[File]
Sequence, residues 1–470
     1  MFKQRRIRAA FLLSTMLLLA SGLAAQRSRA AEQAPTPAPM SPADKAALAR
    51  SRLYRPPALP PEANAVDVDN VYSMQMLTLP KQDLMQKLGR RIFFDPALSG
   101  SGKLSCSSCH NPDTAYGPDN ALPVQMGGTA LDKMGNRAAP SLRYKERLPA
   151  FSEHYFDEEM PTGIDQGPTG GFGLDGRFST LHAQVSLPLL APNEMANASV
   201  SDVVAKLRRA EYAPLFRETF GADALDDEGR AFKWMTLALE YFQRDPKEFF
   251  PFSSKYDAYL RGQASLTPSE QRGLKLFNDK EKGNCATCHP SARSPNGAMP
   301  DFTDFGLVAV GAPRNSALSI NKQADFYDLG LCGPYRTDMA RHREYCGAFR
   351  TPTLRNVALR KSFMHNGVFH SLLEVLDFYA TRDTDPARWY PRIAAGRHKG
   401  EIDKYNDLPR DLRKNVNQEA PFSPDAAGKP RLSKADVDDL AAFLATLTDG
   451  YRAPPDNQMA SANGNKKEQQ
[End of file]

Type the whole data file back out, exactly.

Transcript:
Sequence, residues 1–470
     1  MFKQRRIRAA FLLSTMLLLA SGLAAQRSRA AEQAPTPAPM SPADKAALAR
    51  SRLYRPPALP PEANAVDVDN VYSMQMLTLP KQDLMQKLGR RIFFDPALSG
   101  SGKLSCSSCH NPDTAYGPDN ALPVQMGGTA LDKMGNRAAP SLRYKERLPA
   151  FSEHYFDEEM PTGIDQGPTG GFGLDGRFST LHAQVSLPLL APNEMANASV
   201  SDVVAKLRRA EYAPLFRETF GADALDDEGR AFKWMTLALE YFQRDPKEFF
   251  PFSSKYDAYL RGQASLTPSE QRGLKLFNDK EKGNCATCHP SARSPNGAMP
   301  DFTDFGLVAV GAPRNSALSI NKQADFYDLG LCGPYRTDMA RHREYCGAFR
   351  TPTLRNVALR KSFMHNGVFH SLLEVLDFYA TRDTDPARWY PRIAAGRHKG
   401  EIDKYNDLPR DLRKNVNQEA PFSPDAAGKP RLSKADVDDL AAFLATLTDG
   451  YRAPPDNQMA SANGNKKEQQ